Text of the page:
Twist in the portrayal of Dickens's second novel
It is difficult to go to a production of Charles Dickens's Oliver Twist without any preconceived ideas of what it is going to be like. You expect the stage to be full of dirty-faced children, perhaps bursting into song every now and then, and Oliver to be cheeky and mischievous.
Bearing in mind that there were six adaptations of the book within a year of its publication in 1839, our ideas should not be set in stone.
As the curtain rises on Neil Bartlett's adaptation, which is now on a UK tour, a dozen actors are huddled in the middle of the stage, which is a stage within a stage. It is like a box with trapdoors, footlights and fly ropes. It is dimly lit and effectively conveys the period as well as the different scenes in the play.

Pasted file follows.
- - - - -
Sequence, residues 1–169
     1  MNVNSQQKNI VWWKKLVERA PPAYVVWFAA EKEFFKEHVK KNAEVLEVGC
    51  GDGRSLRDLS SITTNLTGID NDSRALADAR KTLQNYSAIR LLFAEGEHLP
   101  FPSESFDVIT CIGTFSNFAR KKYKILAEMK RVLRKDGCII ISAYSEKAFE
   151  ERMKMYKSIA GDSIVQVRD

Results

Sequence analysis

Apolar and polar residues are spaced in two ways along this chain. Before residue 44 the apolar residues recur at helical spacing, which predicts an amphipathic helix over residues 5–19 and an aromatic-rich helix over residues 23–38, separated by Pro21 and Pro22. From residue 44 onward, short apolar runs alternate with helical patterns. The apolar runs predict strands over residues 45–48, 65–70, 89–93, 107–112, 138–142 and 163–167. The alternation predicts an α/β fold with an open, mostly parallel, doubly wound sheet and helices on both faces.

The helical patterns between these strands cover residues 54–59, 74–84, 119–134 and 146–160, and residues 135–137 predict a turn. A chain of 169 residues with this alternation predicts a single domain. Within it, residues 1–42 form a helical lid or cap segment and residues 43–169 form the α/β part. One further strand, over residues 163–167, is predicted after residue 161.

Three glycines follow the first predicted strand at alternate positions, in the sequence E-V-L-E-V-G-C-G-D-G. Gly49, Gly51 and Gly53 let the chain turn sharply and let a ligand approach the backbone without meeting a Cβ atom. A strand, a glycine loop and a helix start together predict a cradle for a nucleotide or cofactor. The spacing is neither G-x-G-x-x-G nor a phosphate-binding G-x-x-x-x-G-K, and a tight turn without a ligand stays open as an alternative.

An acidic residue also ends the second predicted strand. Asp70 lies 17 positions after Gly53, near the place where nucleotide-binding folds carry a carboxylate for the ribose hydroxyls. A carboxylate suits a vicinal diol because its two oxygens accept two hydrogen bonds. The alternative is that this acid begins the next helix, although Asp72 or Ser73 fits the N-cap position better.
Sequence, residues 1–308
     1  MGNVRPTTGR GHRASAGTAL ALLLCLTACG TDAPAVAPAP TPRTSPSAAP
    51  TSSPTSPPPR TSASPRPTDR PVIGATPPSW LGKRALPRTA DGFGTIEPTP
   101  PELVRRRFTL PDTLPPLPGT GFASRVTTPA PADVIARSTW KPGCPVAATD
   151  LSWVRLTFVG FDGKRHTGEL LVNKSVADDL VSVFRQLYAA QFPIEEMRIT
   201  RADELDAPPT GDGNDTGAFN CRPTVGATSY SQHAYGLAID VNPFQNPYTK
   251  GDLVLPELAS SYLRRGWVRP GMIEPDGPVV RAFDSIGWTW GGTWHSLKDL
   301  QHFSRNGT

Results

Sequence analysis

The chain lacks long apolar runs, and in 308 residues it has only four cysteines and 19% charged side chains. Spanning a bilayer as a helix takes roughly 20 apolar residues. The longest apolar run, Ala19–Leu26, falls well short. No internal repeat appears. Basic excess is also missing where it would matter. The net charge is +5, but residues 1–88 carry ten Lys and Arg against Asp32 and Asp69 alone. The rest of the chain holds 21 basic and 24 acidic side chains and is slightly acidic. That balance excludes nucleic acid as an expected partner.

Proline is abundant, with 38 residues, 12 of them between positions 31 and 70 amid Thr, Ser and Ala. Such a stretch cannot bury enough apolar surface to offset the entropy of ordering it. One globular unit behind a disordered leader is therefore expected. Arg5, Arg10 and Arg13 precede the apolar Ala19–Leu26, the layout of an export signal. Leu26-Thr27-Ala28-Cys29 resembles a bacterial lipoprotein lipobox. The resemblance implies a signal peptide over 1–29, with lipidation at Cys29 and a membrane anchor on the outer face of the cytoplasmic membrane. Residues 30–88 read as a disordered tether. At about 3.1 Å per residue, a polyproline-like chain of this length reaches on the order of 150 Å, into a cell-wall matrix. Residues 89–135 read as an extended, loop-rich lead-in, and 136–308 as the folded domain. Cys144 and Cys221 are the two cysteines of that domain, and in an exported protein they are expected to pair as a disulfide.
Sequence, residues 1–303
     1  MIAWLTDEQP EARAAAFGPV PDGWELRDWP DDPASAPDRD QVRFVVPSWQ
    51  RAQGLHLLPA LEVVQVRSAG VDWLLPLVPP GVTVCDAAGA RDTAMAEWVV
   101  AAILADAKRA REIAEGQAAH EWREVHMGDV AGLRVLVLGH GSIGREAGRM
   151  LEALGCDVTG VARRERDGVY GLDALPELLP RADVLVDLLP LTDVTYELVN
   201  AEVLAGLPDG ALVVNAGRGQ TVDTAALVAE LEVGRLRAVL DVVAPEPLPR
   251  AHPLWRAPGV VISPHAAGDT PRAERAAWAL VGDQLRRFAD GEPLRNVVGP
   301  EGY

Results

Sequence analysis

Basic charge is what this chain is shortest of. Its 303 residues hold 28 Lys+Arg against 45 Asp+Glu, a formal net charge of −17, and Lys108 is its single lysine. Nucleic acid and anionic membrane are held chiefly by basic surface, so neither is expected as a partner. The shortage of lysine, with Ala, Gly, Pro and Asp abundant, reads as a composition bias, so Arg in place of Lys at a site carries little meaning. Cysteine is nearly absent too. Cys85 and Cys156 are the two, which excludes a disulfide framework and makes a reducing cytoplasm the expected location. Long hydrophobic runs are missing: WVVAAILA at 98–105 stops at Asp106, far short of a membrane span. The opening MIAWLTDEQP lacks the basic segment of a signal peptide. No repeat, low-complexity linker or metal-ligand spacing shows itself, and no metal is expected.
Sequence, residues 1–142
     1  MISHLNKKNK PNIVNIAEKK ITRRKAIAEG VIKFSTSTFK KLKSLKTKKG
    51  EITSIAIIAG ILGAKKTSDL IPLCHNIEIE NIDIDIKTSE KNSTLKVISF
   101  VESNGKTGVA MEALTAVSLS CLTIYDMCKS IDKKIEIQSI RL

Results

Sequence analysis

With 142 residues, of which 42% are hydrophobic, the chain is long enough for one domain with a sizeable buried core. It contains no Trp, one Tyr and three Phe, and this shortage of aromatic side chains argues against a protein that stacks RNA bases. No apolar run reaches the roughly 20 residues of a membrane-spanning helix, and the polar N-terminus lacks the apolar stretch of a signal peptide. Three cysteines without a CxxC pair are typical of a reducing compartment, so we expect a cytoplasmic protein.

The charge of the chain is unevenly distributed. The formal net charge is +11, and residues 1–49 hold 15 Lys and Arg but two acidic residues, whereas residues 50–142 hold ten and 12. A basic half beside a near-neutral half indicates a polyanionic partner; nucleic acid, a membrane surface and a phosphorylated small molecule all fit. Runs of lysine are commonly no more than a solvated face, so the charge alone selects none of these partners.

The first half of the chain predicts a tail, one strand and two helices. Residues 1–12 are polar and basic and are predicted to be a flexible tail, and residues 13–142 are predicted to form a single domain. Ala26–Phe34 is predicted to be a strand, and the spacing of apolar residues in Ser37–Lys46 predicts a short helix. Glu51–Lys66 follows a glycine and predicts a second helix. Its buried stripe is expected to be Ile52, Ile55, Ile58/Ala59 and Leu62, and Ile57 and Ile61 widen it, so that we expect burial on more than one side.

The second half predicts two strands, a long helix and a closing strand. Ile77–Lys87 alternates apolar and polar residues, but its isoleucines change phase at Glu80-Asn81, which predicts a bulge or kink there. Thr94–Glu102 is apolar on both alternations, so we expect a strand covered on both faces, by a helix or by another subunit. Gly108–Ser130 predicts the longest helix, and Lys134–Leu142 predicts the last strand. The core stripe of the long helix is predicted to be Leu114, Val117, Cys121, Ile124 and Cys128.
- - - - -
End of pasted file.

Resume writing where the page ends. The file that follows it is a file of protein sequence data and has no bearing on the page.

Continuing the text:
There is an element of physical theatre with well choreographed moves, and the period-style music is eerie and sinister, played on the violin, hurdy-gurdy and serpent.
Although the show is aimed at children aged 10 and over, a graphic hanging scene may have the youngest squirming in their seats. For the most part, however, the violent scenes, such as Nancy's death and Oliver's flogging, are done discreetly.
Bartlett uses Dickens's text almost exclusively. The underlying message of good triumphing over evil comes across and is especially well portrayed in the difference in characters between Oliver and Fagin. The unloved orphan is somewhat squeaky clean with his ruffled, blond hair, high-pitched voice and angel face, whereas the master thief has something very pirate-like about him. In fact, he is reminiscent of Johnny Depp's Jack Sparrow in the film Pirates of the Caribbean.
And I was not alone in this thought: it was echoed in whispers by the schoolchildren sitting behind me.
For a related education pack with activities and themes for discussion see www.lyric.co.uk